The Total Child

National Runaway Prevention Month

(National Awareness) Permanent link

The following post is by Kayla Jackson, Project Director, AASA

November is National Runaway Prevention Month. Every year between 1.6 and 2.8 million youth run away. Young people runaway for many reasons: home is unsafe or unstable; they are asked to leave because of their sexual orientation; they are abandoned by their families or caregivers; they are involved with public systems (foster care, juvenile justice, and mental health); or have a history of residential instability and disconnection. (NN4Y, 

Runaway and homeless youth (RHY) fall through the holes of society’s safety net daily. They fall outside of many of the societal institutions that provide vital links to programs and services that can help them overcome homelessness and become productive members of society. One such institution is schools. Schools – administrators, teachers, counselors, social workers, nurses, and other building personnel – working in concert with community-based organizations that serve RHY can have a positive impact on the physical and academic well-being of young people. Schools can play a vital role in linking RHY with necessary programs and services.

Families with children are by most accounts among the fastest growing segments of the homeless population. More than 42% of those accessing emergency shelter are families, and, on average these families remain in emergency shelters for 70 days, longer than either single women or single men. The primary reason for family homelessness is the lack of affordable housing, though poverty, unemployment, low-paying jobs, family disputes, substance abuse, and other factors all play significant roles in family homelessness.

Findings from a three-year Head Start Demonstration Project reveal numerous challenges in serving homeless children and their families, including recruiting and enrolling homeless families; retaining homeless families and children in project services; involving homeless parents; and meeting the unique needs of homeless children and parents. Two subpopulations of children who face increased policy barriers to education are unaccompanied homeless youth and homeless preschoolers. Homeless youth are often prevented from enrolling in and attending school by curfew laws, liability concerns, and legal guardianship requirements. Homeless preschoolers also face difficulty accessing public preschool education. Less than 16% of eligible preschool aged homeless children are enrolled in preschool programs.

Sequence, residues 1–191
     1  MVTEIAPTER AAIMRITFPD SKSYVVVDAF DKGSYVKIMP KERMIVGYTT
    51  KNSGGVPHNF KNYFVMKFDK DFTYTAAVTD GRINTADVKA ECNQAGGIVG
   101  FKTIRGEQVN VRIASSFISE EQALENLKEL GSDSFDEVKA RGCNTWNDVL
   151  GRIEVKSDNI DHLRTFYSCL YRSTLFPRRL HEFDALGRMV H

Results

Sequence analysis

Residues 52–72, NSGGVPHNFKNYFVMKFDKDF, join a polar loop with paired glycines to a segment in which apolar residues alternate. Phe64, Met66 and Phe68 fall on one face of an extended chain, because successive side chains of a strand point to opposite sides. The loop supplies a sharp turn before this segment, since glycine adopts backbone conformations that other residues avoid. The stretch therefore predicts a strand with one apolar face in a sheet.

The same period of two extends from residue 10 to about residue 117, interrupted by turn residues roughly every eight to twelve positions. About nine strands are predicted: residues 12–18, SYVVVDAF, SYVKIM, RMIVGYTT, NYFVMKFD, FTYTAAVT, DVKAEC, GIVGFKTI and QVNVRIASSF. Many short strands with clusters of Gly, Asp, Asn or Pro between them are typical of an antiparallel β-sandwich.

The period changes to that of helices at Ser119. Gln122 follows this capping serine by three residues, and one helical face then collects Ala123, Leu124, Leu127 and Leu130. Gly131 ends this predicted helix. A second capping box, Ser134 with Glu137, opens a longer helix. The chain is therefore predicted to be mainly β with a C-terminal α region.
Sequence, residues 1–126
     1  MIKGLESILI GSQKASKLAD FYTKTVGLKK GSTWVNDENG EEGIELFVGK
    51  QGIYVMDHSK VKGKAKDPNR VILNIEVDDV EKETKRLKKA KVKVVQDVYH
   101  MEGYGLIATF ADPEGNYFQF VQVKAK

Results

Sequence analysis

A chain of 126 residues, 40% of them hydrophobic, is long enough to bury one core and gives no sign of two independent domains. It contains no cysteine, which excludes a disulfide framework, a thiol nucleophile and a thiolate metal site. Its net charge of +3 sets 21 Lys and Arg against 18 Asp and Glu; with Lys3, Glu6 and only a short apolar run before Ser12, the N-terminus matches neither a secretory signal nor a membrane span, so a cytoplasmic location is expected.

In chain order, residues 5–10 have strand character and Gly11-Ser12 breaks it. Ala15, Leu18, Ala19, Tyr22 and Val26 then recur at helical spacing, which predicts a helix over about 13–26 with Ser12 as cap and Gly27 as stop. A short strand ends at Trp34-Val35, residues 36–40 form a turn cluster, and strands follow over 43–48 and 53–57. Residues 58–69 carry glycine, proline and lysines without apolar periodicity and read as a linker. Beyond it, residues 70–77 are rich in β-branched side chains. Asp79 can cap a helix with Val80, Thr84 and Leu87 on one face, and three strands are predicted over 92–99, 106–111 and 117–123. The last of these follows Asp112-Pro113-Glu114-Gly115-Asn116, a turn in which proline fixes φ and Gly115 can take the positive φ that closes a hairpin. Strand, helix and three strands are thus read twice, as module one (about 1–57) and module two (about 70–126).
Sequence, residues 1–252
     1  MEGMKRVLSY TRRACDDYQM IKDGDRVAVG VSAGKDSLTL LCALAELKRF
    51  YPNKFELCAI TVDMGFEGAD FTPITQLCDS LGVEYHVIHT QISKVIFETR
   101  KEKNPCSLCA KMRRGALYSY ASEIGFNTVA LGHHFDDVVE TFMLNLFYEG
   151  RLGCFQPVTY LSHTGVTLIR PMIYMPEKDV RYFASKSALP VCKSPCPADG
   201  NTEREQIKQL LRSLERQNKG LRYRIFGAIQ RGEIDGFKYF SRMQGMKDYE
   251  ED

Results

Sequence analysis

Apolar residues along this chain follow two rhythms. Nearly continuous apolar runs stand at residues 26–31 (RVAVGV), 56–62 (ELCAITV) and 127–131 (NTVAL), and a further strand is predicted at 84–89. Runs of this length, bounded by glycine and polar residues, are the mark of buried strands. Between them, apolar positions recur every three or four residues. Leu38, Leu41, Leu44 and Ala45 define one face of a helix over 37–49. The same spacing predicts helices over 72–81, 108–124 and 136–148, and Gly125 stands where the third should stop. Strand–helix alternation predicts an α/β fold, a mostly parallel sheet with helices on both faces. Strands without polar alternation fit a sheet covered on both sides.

Not only are RHY at risk for poor academic outcomes, they are also at risk for poor health outcomes including the following: too early childbearing; improper care and treatment for pre-existing chronic conditions (e.g., asthma, allergies, diabetes); and mental health disorders that are exacerbated by living on the streets.

Homeless youth are a vulnerable population with high rates of sexual risk-taking behaviors, substance use, and mental health problems. Homeless youth are highly likely to experience early sexual debut, have multiple sex partners, engage in unprotected sexual intercourse, and use alcohol or other drugs prior to sex, resulting in a high-risk of acquiring HIV. Although there are no national data available on HIV among homeless youth, community studies have demonstrated a higher seroprevalence among homeless youth than among the general US youth population. Some homeless youth may be at additional risk because of a history of childhood sexual abuse and a lack of connectedness to trusted adults and family.

School administrators are focused on the bigger picture concerns of running a school or a district, but should note that student homelessness can show up as any of the following: student attendance at many different schools; increased absenteeism; poor performance on standardized tests; and/or behavioral concerns. The McKinney-Vento Act is federal legislation that is designed to address the problems that homeless children and youth face in enrolling, attending, and succeeding in school. Under McKinney-Vento SEAs must ensure that each homeless child or youth has equal access to the same free, appropriate public education, including a public preschool education, as other children and youth. States and districts are required to review and undertake steps to revise laws, regulations, practices, or policies that may act as a barrier to the enrollment, attendance, or success in school of homeless children and youth. Additionally, every LEA must designate a local liaison for homeless children and youth.

To increase awareness of RHY issues, schools can participate in the annual National Runaway Prevention Month (NRPM). Sponsored by the National Runaway Switchboard, NRPM occurs every November to help increase awareness of the issues facing runaways as well as educate the public about solutions and the role they can play in preventing youth from running away. For more information, tools, and materials about NRPM, go to